Encircled by God's love

Originally Appeared in : 9801-1/4/18

I once sang this Joni Mitchell song to my children at bedtime. I sing it now to my grandchildren who know it well because their mom also sings it to them. Their bedtime song about time has become in my life what its title describes, a circle game. The circle has extended to my daughter’s family and looped back from her own childhood to encircle the lives of her own children. 


A New Year has arrived. As I age, time speeds up, and the seasons of my life are spinning around and around. And while I can’t return to my earlier years, I can look behind at them through my grandchildren. And from this perspective, I see the early years differently, and yet as they were. Those years with a young family were chaotic, exhausting and abundant with grace. The abundance was breath-taking when I was aware of it, and yet it was hard to slow down long enough to be aware. 


Attending Mass weekly with my small children was one time when I was able to notice the abundance. (Not every week, of course, but often enough that I remember.) I recalled this experience of slowing down at Mass because I saw it reflected in my daughter’s family when they recently attended Christmas Eve Mass with me. 


With three young children, ages 5 and under, my daughter had to leave her seat during Mass when the youngest, an active toddler, became restless. So as not to disturb those around us, she took him to the gathering space. But my son-in-law stayed behind with the two older children, who were able to sit quietly through the Mass. My daughter and toddler grandson returned in time for communion.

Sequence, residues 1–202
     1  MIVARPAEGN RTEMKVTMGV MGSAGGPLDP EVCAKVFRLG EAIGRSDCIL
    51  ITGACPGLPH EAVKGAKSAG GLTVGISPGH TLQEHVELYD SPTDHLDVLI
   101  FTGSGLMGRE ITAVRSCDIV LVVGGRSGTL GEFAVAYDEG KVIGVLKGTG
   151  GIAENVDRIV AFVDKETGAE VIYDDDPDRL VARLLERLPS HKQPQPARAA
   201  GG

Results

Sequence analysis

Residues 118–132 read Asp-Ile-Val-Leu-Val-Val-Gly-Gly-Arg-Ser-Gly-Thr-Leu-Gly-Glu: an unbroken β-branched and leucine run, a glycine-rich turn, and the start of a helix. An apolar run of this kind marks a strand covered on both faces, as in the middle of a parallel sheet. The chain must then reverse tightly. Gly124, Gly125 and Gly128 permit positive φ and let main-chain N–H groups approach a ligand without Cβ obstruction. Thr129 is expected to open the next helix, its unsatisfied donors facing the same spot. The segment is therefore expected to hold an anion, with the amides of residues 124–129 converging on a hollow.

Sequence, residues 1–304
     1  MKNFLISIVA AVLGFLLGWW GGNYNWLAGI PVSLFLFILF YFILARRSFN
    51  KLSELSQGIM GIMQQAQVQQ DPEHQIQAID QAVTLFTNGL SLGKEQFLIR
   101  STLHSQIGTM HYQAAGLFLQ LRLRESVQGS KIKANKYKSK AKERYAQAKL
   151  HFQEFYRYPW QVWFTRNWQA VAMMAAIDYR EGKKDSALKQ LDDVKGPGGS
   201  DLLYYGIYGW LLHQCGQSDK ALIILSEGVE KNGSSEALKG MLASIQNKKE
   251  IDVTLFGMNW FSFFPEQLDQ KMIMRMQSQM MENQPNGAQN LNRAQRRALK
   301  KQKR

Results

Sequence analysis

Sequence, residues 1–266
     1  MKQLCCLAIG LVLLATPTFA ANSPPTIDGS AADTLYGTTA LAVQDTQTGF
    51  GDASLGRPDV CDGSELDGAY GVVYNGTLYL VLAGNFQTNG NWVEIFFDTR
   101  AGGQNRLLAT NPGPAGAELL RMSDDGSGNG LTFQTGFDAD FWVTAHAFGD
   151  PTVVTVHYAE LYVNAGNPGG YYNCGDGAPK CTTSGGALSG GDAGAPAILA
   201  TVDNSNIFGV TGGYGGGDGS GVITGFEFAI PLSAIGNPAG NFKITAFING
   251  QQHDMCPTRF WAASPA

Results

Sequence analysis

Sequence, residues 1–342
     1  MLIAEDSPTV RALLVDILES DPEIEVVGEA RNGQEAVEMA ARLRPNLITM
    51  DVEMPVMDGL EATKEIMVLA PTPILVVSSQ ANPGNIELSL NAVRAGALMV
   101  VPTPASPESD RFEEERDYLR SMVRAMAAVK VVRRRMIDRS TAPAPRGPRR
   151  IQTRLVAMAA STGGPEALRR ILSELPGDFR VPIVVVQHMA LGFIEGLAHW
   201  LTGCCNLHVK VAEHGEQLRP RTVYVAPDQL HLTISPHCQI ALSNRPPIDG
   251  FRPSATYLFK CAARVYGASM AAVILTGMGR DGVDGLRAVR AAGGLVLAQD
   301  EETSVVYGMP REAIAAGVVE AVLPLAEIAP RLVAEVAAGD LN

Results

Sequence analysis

And in those quiet moments, in the midst of ritual, both ancient and new, I could breathe in the abundance of God’s goodness and love. I remembered the love of my young family from decades ago, and I saw it recreated, renewed, in the young family sitting next to me. I realized then, without a doubt, I have lost nothing over the years. I have only gained love. 


With this perspective, I do not view time passing as sand through an hourglass. The measurement of an hourglass works only for those who have never transcended time in this life. God’s time isn’t linear. It isn’t finite. Time’s movement is not like turning the pages on a calendar. It’s not like a ticking timepiece or a line moving from point A to point B. 


In God’s time, the past and present and future exist simultaneously. Thus, I am right now who I was and who I will be. The abundant love I have known, I still know, and I will always know. As I age, I lose nothing permanently. I retain it all because what God gave me in the past, God continues to give me and will always give me ­— in this life and the next. In fact, not only do I retain what I have, but God’s love becomes more abundant as more people enter my life over the years. 


Sometimes this awareness is clear to me, as it was when I was at Mass on Christmas Eve. But when I forget who I am and who God is, I become afraid. I fear loss and deterioration and death. I fear that all will end in darkness and scarcity, not light and abundance. Then time is not a circle; it’s a one-way dead-end street. 


As I enter this new year, assuming my life expectancy is average, I have dramatically fewer years ahead than behind. Thus, the only New Year’s resolution worth making is to remain aware of the abundant and eternal nature of God’s time. When my earthly life has ended, I will not lack anything. As I am now, and as I have always been, I shall be encircled by God’s love. 


Mary Hood Hart is a freelance writer and educator living in Pittsboro, NC. She can be reached at

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